I step forward. He closes the distance between us. Rising up on the balls of my feet, I take aim. He reaches behind me. My eyes flutter as I realize he’s going to lift me up onto one of the tables and take me right here.

A beep sounds.

I open my eyes. Cliff takes a step back and turns away. The washing machine begins to fill, water and soap sluicing around my clothes.

“Thanks for your help,” he says over his shoulder, already setting up his own machine.

Heart thundering in my chest, I make a beeline for the door, a cigarette already between my lips. Stupid, stupid, stupid, my heartbeat punctuates my thoughts.

Learn more about A Disturbing Prospect and add it to your Goodreads shelves here!

Here and Queer: On Writing a Bi Romance Heroine

via Unsplash

*deep breath* There’s something you might not know about me.

I’m queer.

As in, LGBTQIA+. As in, bisexual (but I prefer queer). I’ve blogged about it before, and I’ve been out for years, but it’s not something I talk about often. Even though I’m proud as fuck to be bi—to be me—there’s another part of this story that is painful. Well, a few parts actually:

  • When I tried to come out to family, the first person I told said to me that there’s no such thing.
  • When I came out to my then-boyfriend (who was a complete scumbag anyway), all he could talk about was threesomes.
  • More recently, when discussing my sexuality with someone, they were all “Hold up. You can’t be queer. You married a dude!”

Thankfully, I had a fantastic support system when I came out: a whole bunch of queer people in my high school. We may have all drifted apart, as people tend to do after high school, but I’ll never, ever forget my friends Lisa*, Lacie*, Joy*, Phoebe*, and Starr*, who were all super supportive during the great LGBTQIA+ coming out party. (By the way, I’ve been searching desperately for Phoebe on Facebook, with no luck. I can’t remember her birth name or last name. I’ve been thinking about her a lot lately. I was one of very few people that she shared her name with and told she was trans, and I would love to know how she’s doing, how her story after high school unfolded.) This was before Twitter, so I can appreciate how very lucky I was to have such a support system.

Not many people are so fortunate.

via GIPHY

I’ve been thinking about my sexuality a lot lately. A lot. It’s extremely important to me that I don’t lose that piece of me. That it doesn’t get lost in my heterosexual marriage or these strange, dark times we’re living in.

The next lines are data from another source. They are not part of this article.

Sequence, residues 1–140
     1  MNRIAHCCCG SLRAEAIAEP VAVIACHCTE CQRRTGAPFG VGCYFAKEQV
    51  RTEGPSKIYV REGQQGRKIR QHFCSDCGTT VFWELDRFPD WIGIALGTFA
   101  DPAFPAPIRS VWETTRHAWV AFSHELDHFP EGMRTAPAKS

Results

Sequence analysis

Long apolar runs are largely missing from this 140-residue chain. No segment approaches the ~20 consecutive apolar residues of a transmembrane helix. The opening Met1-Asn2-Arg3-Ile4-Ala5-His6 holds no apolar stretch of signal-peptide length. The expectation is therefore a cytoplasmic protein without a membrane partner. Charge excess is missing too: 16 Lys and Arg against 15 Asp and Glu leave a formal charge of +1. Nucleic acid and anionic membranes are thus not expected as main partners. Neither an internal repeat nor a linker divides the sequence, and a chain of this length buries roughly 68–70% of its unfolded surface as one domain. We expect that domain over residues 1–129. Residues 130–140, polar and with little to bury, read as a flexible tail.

Being queer is an extremely big part of who I am.

I knew that Krista, the heroine and main character of my work in progress Cruising with the Blues, would be queer. I also knew that she and Perry were meant to be. I’ve struggled so much with this novel, writing tens of thousands of words only to scrap them because I just couldn’t get it right. I think I was trying to do too much with one book: play matchmaker, address a few social issues, wrap up the series… You know, nothing major. 😅

In the very first draft I wrote, Krista was a bi woman struggling with depression. I wrote something like 5,000 words and then tossed it because it just didn’t feel right.

In my second try, Krista was a spoonie like me, only living with Lupus. (My disease is possibly pre-Lupus.) She was also bi. Again, I was trying to squeeze too much into one book. I threw away over 16,000 words, which stung.

With my third shot, I wrote another 6,000 or so words, cutting the mental and chronic illnesses. This time I approached the story from another angle, matchmaking Krista and Perry by using their shared desire to get their band mates into rehab. Once again, though, I was focusing too much on things outside of Krista, rather than on Krista herself. So I scrapped those words, too.

Altogether I’ve thrown out something like 20,000 words. Can you say ouch?

But fourth time’s the charm because this time around, I understand Krista a bit better. I now totally get why she’s so upset with Poppy for ditching their plans to share a cabin during the cruise.

Krista is in love with her best friend.

She’s also got a thing for Perry.

There have been two times in my life when I was in love with two people at the same time. It doesn’t seem fair that the heart can be so conflicted, but it happens. It’s a painful experience, something that you can’t just turn off—just like Krista’s and my sexuality.

While I’m still incorporating other elements into SOF4—getting Krista and Perry together, wrapping up the series, getting Jett and Max help—I’m focusing more on bisexuality and the stigma from all sides.

How non-queer people just don’t get how you can have feelings for and be attracted to both the opposite and the same gender.